Sven Straumann

Sven Straumann is a scientist and neurosurgeon-in-training, and a writer at heart.

He studied medicine in Switzerland and lives in the Netherlands, where he is writing his doctoral thesis on brain physiology and epilepsy. Sven is trained in professional scientific writing and won the annual Karger Award for his master’s thesis in 2018 (Karger Publishers).

Sven shares the sorrow and relief of the patients and relatives he sees in the emergency room. The life stories he accompanies and shares from the door to the operating table (and sometimes never back again) move him deeply.

In his debut novel Gravitas, he strives to draw on his experiences as both a medical doctor and scientist to paint the story of four characters in an immersive and believable distant future. He also writes short stories and essays.

Award Type
After four-hundred years of radio silence, Neal throws his love and past life overboard to join the first Askayan mission back to Earth — but finds himself not to be the only visitor.
My Submission

The future is an unruly thing. Inertia—the universal law that only effort and time can bring change—does not seem to concern it.

—Laerke Wyss, And Again (2067)


Inland Sicily, Earth

Caro gently lifted her foot off the accelerator as she steered the whining ETV around a sharp turn. Rolling hills painted in sepia tones by fallen leaves swung past its hardened windows.

A myriad of lights blinked in the valley below as dusk dissolved slowly into night. A heavy freight rocket towered on an ageing launch pad, ready to heave Phoenix Station into orbit. Monotonous rows of concrete blocks housed scientists and engineers—and the soldiers who were the only reason the launch complex had not been looted months ago.

Caro was a Junior Scientist. Which had sounded great when she had applied for the position but was not turning out all that great. She mainly chauffeured more important people around the base and wrote mind-numbing protocols that no one ever read.

The tart scent of Earl Grey filled the ETV as Asmund, sitting beside her, unscrewed the lid of his army-issue mug. He almost spilt the tea over his pixelated camouflage suit when Caro brought the vehicle to a screeching halt.

Shouts and clangs filled the air as hooded figures swarmed around a crude roadblock that Caro had almost slammed into after a particularly sharp hairpin turn. Calloused hands wielded long metal pipes and wooden clubs. Caro’s frantic gaze jerked to a single black pistol being pointed at them from behind the makeshift barricade.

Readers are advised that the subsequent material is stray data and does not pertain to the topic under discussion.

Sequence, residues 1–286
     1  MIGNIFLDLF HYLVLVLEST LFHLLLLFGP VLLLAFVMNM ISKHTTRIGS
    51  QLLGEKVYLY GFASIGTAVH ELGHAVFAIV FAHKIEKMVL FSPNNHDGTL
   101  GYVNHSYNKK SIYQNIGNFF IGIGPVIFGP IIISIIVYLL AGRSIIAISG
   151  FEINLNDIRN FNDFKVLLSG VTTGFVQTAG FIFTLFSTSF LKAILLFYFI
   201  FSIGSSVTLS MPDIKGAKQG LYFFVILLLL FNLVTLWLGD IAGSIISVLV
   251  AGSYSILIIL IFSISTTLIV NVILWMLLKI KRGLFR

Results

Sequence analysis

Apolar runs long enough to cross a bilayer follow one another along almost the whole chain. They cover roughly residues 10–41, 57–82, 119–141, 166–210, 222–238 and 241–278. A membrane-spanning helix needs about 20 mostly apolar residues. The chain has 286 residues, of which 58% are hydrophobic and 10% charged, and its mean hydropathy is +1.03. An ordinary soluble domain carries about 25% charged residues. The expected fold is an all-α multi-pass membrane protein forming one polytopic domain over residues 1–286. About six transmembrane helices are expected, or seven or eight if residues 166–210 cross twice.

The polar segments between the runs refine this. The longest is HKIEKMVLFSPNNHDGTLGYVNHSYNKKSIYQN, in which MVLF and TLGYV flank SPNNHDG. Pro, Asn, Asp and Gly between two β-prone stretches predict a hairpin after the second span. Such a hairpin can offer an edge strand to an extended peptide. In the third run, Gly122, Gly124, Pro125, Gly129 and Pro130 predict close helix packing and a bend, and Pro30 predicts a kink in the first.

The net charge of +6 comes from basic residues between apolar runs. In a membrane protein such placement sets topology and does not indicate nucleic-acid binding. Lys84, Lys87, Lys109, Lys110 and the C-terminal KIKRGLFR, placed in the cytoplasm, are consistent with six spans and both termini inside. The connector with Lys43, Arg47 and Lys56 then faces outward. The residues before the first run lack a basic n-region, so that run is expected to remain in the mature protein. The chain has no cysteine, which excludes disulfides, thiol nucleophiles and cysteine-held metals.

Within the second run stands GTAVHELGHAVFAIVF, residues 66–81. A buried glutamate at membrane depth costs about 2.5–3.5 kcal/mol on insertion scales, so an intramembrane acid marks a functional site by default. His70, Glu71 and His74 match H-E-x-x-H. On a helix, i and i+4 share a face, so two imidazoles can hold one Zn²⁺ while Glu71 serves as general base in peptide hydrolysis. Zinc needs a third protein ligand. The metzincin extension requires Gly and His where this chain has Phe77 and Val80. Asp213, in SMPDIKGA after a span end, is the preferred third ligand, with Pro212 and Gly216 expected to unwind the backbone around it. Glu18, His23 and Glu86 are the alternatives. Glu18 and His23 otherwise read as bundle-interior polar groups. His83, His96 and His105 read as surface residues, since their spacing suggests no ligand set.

“This is Electric Transport Vehicle 12 heading for Phoenix Base, do you copy?” Asmund spoke into an ancient and discoloured radio transceiver that had only recently been screwed onto the dashboard. All standard communication equipment had gone cold during the Great Blackout. Not even the pooled wisdom of Phoenix Base had been able to bring it back to life.

“We ran into about a dozen civilians blocking the road fifteen-hundred metres from the base checkpoint. Permission to engage?”

“Are they unarmed?” a staticky voice asked over radio.

“Negative, 3C, at least one of them is carrying a firearm, over,” Asmund replied with a swagger that reflected half a lifetime with a gun strapped to his side.

“Copy. You are permitted to use force against any civilians belonging to that group should they refuse to let you pass. The safety of the two Phoenix crew members in your company remains paramount. Over.”

“Copy that, engaging now. Out.”

Asmund fastened his chin-strap.

“Won’t be a minute, sweetheart,” he told Caro with a wink as he stepped out of the vehicle. Even amid the danger, she cringed at his tacky manners.

The humid warmth of the Italian summer hit Caro through the open door. Crickets sang their rasping song, oblivious to the shouts of the men and women blocking the path of the ETV. Asmund answered the shouts in his own broken Italian as he braced himself against the side of the vehicle, clutching his stubby assault rifle. Most Sicilians had refused to learn Proper English for generations, even though it had become the only official language in their post-nation world.

Asmund moved out of cover for only a second, and his right shoulder exploded in red mist. The hills rang with the sharp bark of his assailant’s pistol.

Sinking to his knees, Asmund managed to maintain the grip on his own weapon and return fire. Caro’s ears started ringing as the heavier and deeper shots of the rifle exploded in bursts of three right next to her. At the barricade, wood splintered, sand shot up. The wearer of a thick and torn denim jacket, a dark stain spreading on his left thigh, fell into the arms of another member of his group. Their shouts grew throaty, like the growls of cornered dogs.

Caro pitied them despite their aggression. Behind her, another soldier noisily opened a heavy roof hatch as a third threw herself over the passenger seat to drag Asmund back into the vehicle. Caro yanked it into reverse.

Specks of white cracked the windshield as bullets bit into it. Caro sent gravel flying towards the disorganised mob as she sped backwards. Shots from the roof of the ETV silenced another man, probably forever.

This would be the last time Caro’s two other passengers smelled the acrid, nitroglycerine scent of fired bullets. They would leave Earth on Phoenix Station tomorrow. On Askay, the Ideas and Ideals would brook no lethal weapons, not even in the hands of soldiers. If they made it to Phoenix Base alive, that is.